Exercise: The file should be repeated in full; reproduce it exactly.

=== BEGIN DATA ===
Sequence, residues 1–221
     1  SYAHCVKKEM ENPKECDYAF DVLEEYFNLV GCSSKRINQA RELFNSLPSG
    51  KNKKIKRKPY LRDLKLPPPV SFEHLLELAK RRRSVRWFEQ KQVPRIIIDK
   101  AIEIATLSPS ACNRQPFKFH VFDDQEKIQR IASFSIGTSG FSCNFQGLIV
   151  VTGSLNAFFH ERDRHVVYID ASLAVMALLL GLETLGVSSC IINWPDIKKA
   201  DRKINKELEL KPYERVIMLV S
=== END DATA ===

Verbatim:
Sequence, residues 1–221
     1  SYAHCVKKEM ENPKECDYAF DVLEEYFNLV GCSSKRINQA RELFNSLPSG
    51  KNKKIKRKPY LRDLKLPPPV SFEHLLELAK RRRSVRWFEQ KQVPRIIIDK
   101  AIEIATLSPS ACNRQPFKFH VFDDQEKIQR IASFSIGTSG FSCNFQGLIV
   151  VTGSLNAFFH ERDRHVVYID ASLAVMALLL GLETLGVSSC IINWPDIKKA
   201  DRKINKELEL KPYERVIMLV S